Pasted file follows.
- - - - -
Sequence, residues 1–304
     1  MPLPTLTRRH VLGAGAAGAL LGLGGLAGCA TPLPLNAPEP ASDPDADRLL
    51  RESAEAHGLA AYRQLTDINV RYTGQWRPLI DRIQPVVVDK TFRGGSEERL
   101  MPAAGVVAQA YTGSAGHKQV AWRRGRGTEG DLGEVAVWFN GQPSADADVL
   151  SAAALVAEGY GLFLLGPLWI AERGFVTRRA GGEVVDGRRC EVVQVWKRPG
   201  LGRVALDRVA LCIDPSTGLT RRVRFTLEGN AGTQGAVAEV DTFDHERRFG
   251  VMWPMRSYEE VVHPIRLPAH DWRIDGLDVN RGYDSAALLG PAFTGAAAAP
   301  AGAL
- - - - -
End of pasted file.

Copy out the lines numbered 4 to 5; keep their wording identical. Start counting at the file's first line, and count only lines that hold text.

   101  MPAAGVVAQA YTGSAGHKQV AWRRGRGTEG DLGEVAVWFN GQPSADADVL
   151  SAAALVAEGY GLFLLGPLWI AERGFVTRRA GGEVVDGRRC EVVQVWKRPG